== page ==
Monday, February 06, 2006

Making Britain safer for war criminals

The day before it reported a renewed effort to look for World War II Nazi criminals among east European collaborators brought to Britain, the Guardian carried a report that the British government is considering changes to the law, to make the country safer for criminals. I hope this is just an ironic co-incidence.

The changes would stop individuals from seeking international warrants for the arrest of people suspected of serious human rights abuses. The Guardian report says the government confirmed that Israeli officials have lobbied for changes in the law, after some Israeli military officers had to avoid this country for fear they might be arrested.
(UK considers curbing citizens' right to arrest alleged war criminals Vikram Dodd, The Guardian, Friday, February 3),,1701277,00.html

It was back in September that retired General Doron Almog decided to stay on an El Al plane at Heathrow and fly back to Israel. He had been tipped off that police were waiting to arrest him on a warrant from Bow Street magistrates.
Almog was accused of issuing illegal orders for the demolition of 59 homes in Gaza after the death of an Israeli soldier, amounting to collective punishment of Palestinian civilians, in breach of the Geneva Convention.

Had he been arrested there would have been a precedent for the arrest and prosecution of Ariel Sharon, whether for the 1953 Qibya massacre or the slaughter at Saand Chatilalala camps in 1982, carried out by Christian fascists backed by the Israeli military. Israel's own Kahan Commission found Sharon culpable for the massacres, but he was not prosecuted. Attempts by survivors to bring a case in Belgium were quashed when the Belgian government bowed to Israeli and US pressure. Sharon and his allies have finally been spared from possible embarrassment, and the government would have him remembered as a peace maker.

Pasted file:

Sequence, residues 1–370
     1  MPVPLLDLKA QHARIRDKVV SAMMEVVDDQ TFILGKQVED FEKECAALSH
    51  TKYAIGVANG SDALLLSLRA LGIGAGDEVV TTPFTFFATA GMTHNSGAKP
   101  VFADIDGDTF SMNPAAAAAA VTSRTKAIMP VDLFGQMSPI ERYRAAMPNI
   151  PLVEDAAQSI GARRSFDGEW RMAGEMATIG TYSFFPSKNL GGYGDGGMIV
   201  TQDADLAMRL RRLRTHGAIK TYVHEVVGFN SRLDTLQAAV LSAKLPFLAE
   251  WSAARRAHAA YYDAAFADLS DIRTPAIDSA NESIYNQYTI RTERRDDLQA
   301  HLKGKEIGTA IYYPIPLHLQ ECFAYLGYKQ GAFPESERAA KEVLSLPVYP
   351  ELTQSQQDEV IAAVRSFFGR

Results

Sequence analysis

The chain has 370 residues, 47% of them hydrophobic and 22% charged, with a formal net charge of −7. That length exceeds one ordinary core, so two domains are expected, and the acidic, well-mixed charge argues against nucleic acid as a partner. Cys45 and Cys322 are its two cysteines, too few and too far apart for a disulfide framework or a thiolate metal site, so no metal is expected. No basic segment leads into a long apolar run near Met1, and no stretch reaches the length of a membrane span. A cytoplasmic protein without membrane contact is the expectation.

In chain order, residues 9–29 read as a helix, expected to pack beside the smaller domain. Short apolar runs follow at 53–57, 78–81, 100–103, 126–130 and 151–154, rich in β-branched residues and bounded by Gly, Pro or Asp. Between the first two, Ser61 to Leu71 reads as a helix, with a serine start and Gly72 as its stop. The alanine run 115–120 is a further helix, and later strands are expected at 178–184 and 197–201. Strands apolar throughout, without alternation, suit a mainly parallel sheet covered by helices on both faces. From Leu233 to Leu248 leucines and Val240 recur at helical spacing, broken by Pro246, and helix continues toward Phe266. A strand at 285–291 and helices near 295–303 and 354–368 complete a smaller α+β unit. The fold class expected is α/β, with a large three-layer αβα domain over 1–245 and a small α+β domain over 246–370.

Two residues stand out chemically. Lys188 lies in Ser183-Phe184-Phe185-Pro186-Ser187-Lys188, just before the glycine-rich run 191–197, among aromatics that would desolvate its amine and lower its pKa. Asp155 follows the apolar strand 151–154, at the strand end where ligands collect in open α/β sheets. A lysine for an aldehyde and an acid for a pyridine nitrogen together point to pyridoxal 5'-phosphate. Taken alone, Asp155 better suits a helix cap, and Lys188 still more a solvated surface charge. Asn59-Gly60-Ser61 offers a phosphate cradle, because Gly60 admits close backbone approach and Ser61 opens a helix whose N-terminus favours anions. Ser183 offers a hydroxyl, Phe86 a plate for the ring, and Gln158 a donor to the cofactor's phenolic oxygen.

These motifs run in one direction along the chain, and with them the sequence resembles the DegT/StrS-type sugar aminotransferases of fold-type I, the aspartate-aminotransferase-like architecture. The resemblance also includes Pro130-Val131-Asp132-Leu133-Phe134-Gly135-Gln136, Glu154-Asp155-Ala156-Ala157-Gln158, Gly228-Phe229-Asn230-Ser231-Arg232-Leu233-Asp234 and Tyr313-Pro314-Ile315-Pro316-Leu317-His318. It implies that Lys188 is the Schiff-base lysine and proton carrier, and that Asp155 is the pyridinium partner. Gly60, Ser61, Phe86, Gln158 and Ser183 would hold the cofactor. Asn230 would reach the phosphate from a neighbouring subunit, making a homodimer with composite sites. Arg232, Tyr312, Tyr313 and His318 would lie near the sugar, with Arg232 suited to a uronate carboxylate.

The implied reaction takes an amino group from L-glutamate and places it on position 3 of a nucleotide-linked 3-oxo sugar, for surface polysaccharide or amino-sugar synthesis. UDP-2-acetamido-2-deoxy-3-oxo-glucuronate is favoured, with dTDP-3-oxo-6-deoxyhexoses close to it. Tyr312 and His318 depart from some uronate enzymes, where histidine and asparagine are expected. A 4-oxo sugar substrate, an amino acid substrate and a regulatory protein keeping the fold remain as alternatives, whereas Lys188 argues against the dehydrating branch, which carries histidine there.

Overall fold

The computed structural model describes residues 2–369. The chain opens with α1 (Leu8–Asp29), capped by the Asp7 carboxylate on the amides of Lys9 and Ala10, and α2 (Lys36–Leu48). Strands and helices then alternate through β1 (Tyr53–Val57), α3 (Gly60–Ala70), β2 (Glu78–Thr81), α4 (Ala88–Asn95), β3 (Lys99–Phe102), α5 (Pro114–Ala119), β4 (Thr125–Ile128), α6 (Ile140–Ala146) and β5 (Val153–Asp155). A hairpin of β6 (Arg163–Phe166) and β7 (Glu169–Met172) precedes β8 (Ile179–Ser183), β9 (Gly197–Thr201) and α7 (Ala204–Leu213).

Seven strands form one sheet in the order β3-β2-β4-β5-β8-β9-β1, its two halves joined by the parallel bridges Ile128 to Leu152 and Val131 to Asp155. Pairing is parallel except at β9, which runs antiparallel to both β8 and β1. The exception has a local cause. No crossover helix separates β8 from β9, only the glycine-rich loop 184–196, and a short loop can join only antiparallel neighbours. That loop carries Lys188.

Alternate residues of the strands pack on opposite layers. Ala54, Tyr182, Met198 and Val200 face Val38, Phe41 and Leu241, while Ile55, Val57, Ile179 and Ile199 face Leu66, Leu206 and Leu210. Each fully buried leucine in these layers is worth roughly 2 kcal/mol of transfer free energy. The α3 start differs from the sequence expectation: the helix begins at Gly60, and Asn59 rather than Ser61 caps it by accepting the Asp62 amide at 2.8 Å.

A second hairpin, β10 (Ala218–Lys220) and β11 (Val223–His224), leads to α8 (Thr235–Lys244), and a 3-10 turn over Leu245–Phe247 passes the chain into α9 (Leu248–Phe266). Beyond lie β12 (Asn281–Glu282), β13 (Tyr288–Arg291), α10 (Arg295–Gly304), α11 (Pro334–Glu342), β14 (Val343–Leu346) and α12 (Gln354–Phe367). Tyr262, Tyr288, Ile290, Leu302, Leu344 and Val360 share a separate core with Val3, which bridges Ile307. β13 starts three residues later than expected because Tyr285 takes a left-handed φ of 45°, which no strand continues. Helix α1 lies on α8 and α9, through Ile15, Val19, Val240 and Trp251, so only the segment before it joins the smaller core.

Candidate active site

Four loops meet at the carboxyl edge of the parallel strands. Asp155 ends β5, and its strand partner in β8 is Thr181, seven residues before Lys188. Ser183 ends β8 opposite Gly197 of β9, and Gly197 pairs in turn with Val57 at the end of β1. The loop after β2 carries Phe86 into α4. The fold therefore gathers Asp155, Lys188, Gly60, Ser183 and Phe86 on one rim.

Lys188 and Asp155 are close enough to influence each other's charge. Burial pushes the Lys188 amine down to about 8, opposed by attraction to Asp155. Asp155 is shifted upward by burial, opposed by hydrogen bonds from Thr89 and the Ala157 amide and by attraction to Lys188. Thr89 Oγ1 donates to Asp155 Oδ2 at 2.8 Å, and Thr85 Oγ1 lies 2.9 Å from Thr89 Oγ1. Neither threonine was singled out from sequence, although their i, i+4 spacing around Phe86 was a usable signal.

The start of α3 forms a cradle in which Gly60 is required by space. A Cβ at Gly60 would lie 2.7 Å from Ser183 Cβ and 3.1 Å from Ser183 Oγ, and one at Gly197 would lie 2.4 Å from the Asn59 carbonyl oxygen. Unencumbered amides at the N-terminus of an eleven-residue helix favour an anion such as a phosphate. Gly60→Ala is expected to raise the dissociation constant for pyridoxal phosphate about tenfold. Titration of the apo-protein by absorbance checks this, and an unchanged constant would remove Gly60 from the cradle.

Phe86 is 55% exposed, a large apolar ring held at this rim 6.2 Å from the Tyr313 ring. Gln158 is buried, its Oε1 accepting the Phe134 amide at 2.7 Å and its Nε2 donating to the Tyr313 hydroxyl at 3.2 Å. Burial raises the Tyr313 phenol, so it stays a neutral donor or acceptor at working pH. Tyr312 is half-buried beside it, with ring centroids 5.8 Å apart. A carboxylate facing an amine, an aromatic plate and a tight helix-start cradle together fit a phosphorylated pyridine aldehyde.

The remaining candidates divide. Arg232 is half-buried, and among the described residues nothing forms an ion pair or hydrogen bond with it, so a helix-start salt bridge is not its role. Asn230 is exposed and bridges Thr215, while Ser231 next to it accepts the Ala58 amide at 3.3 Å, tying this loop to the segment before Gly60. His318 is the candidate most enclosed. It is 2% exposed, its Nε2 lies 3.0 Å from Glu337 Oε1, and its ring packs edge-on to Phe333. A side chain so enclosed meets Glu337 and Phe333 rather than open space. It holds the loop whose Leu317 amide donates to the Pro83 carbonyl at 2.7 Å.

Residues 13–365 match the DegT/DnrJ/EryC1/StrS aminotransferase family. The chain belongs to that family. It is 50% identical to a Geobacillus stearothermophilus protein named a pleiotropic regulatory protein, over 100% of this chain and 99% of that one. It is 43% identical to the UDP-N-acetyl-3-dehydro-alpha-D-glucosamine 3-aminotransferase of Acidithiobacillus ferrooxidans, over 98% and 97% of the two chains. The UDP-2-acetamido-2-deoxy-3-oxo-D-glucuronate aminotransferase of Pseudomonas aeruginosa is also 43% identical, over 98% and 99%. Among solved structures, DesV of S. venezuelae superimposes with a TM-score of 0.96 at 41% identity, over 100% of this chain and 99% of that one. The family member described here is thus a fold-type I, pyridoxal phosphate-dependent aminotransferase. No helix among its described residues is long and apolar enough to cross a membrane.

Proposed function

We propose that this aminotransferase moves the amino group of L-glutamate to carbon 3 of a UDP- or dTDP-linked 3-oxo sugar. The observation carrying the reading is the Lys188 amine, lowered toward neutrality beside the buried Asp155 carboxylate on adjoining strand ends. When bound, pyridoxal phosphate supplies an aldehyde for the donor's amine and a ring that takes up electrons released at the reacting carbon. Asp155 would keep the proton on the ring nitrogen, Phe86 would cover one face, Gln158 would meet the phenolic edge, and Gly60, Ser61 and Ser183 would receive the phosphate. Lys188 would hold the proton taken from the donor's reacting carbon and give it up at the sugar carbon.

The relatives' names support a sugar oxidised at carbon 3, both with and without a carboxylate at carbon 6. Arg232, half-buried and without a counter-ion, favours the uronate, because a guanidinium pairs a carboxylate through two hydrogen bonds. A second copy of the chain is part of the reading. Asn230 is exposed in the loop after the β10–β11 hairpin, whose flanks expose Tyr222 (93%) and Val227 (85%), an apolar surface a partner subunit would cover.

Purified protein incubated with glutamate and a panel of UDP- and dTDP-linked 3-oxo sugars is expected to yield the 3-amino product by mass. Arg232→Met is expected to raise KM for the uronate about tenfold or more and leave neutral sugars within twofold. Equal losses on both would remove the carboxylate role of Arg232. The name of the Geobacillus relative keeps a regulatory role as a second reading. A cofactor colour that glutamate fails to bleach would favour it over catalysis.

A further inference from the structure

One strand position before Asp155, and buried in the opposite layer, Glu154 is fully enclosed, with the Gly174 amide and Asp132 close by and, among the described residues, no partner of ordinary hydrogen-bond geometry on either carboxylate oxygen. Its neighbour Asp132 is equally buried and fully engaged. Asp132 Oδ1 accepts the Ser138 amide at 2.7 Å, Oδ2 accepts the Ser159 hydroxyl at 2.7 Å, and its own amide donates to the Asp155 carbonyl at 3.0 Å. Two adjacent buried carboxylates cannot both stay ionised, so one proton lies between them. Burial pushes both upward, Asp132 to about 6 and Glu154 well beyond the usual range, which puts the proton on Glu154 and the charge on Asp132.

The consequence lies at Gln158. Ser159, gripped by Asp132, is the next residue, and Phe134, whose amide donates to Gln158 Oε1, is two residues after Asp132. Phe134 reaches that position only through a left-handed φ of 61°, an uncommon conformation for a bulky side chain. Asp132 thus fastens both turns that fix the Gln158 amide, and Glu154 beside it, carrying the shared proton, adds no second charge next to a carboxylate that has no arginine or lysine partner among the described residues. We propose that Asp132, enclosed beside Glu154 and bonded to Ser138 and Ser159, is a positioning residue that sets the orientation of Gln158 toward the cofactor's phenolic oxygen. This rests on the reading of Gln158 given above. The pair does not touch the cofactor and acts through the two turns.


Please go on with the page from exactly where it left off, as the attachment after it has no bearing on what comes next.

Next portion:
Israeli-born solicitor Daniel Machover, of Hickman Rose, brought the prosecution against Almog on behalf of Palestinian clients. Danny believes that if Israeli courts fail to offer redress or uphold the law it is important to take action internationally. He is concerned that what should have been confidential information about the warrant was leaked ahead, and that police failed to board the El Al plane to make an arrest.

Foreign Secretary Jack Straw even apologised to the Israeli government for the incident! Since then Israeli officials have met twice with British Home Office officials to discuss it. Now ministers want to stop private individuals applying to magistrates for prosecutions over war crimes, genocide and torture, which leads to international arrest warrants being granted.

Under international law, Britain has a duty to arrest and prosecute alleged war crimes suspects if they arrive on its territory, even though the alleged offences occurred overseas. But US leaders have said before that their officials must be immune from such charges anywhere. It is possible they too want British law changed, though the government denies they have been involved.

Danny Machover says any change would weaken the government's claim to be resolute in fighting serious human rights abuses. "If the UK goes ahead and bends to Israeli pressure, while Israel continues its universally condemned illegal practices, this will sent the worst possible signal to the Israeli army. The British government is completely obsessed with controlling these processes."

Phyllis Starkey, Labour MP for Milton Keynes South West, is among MPs who are raising questions: "The obvious concern is the way in which the Israeli government in particular seems to be given quite favoured access to interfere in UK domestic policy."

Quite a few foreign dictators (remember Pinochet), war criminals and others with whom the British state has had dealings, not all of them friends of Israel, will be relieved that a precedent has been stopped for private citizens and dedicated lawyers getting on their cases.

Incidentally, while I was mentioning Sabra and Chatila I remembered a remark by an Israeli woman at the time. She called the Christian militias in Lebanon "Israel's Ukrainians". Apologies to Ukrainian friends, who are not fascists (any more than all Christians in Lebanon), but we know what she meant. Just a tiny thread to link with my previous was crimes story, even if they are not really connected.


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